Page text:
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Oregon: the ghost forest emerged from the sand after 300 years

In Oregon, a ghost forest emerged from the sand that had been missing for 300 years.

A magical place and a forest emerged from the sand after over 300 years. It happens in Oregon, to be precise in Neskowin, a small coastal town located between Lincoln City and Pacific City, here are the remains of Sitka trees that belonged to an ancient forest.

Sitka is a tree native to the United States and well known all over the world. It grows mainly on the west coast and is considered one of the largest conifers in the world, along with Douglas sequoia and fir. The plant reaches up to 50 meters in height, but some specimens are able to exceed even 70 and even 90 meters.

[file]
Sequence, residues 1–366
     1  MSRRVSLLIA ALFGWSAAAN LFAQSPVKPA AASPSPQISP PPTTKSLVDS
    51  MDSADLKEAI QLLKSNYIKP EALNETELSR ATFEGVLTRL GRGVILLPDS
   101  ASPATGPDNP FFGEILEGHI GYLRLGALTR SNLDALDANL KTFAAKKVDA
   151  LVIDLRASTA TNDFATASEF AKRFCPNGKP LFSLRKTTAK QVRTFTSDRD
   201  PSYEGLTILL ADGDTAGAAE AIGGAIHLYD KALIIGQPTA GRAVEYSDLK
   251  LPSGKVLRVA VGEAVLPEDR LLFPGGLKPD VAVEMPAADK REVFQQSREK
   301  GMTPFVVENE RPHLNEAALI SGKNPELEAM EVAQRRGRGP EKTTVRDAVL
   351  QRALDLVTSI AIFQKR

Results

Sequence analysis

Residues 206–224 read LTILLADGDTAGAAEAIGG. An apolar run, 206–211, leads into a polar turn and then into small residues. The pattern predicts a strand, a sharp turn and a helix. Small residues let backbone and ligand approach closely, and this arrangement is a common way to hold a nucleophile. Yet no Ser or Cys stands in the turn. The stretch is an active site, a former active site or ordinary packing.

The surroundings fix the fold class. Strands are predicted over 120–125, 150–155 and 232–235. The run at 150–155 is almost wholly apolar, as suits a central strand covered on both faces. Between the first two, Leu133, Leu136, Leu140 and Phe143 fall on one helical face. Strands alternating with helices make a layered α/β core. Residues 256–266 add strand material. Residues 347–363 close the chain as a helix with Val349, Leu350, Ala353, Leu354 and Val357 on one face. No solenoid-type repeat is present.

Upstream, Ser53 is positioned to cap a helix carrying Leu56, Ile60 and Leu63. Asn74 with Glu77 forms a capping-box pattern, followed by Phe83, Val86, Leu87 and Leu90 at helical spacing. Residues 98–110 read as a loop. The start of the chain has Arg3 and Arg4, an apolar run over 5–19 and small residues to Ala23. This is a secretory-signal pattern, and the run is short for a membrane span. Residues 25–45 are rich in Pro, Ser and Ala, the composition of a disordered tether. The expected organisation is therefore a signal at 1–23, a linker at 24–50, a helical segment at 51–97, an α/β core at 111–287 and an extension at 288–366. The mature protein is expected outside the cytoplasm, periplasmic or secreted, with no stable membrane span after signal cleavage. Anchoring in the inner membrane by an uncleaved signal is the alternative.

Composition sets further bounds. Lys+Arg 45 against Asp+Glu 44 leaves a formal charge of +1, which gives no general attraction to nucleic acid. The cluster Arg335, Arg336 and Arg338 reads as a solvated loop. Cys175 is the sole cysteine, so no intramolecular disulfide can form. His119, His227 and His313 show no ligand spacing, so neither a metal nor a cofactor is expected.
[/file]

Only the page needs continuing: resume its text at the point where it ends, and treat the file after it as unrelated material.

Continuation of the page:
Neskowin Ghost Forest

Until some time ago the ghost forest was hidden in the sand, but between 1997 and 1998 a particularly violent storm hit the Oregon coast. The winds and the rain have eroded most of the beach, bringing to light over a hundred tree trunks that had disappeared 300 years earlier.

For years, the forest had represented one of the best known legends in this corner of the United States. Cyclically, in fact, the trees had appeared, showing themselves to visitors, then disappearing shortly thereafter. Since 1998, however, the Neskowin wood has come back to life in all its beauty and is clearly visible on the beach.


But what is the history of these trees? Analyzing the logs would have emerged that they are over 2 thousand years old. The researchers found that between 1600 and 1700 a quake would hit the west coast of the United States, causing a tsunami that would have covered the forest with sand.

The forest, dubbed Ghost Forest, has made this area of ​​America famous, attracting many tourists, impressed by the show.

When the tide is low, tree trunks emerge from the water and, like hundreds of totems, appear before visitors' eyes, leaving them open-mouthed.